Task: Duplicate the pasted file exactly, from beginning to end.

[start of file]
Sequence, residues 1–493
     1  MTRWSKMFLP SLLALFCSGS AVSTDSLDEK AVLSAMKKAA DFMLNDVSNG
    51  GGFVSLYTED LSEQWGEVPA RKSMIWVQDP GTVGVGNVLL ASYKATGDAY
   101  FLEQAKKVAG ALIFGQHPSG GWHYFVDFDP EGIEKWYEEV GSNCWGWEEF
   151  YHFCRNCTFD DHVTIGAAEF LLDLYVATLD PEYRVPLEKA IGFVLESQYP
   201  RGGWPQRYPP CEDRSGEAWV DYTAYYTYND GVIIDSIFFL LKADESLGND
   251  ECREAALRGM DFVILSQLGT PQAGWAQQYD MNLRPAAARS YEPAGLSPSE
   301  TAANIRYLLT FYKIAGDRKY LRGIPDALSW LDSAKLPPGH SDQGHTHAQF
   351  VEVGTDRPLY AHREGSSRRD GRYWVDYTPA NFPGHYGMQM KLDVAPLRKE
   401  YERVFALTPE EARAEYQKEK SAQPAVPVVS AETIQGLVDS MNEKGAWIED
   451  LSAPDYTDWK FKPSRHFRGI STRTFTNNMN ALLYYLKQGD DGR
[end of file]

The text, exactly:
Sequence, residues 1–493
     1  MTRWSKMFLP SLLALFCSGS AVSTDSLDEK AVLSAMKKAA DFMLNDVSNG
    51  GGFVSLYTED LSEQWGEVPA RKSMIWVQDP GTVGVGNVLL ASYKATGDAY
   101  FLEQAKKVAG ALIFGQHPSG GWHYFVDFDP EGIEKWYEEV GSNCWGWEEF
   151  YHFCRNCTFD DHVTIGAAEF LLDLYVATLD PEYRVPLEKA IGFVLESQYP
   201  RGGWPQRYPP CEDRSGEAWV DYTAYYTYND GVIIDSIFFL LKADESLGND
   251  ECREAALRGM DFVILSQLGT PQAGWAQQYD MNLRPAAARS YEPAGLSPSE
   301  TAANIRYLLT FYKIAGDRKY LRGIPDALSW LDSAKLPPGH SDQGHTHAQF
   351  VEVGTDRPLY AHREGSSRRD GRYWVDYTPA NFPGHYGMQM KLDVAPLRKE
   401  YERVFALTPE EARAEYQKEK SAQPAVPVVS AETIQGLVDS MNEKGAWIED
   451  LSAPDYTDWK FKPSRHFRGI STRTFTNNMN ALLYYLKQGD DGR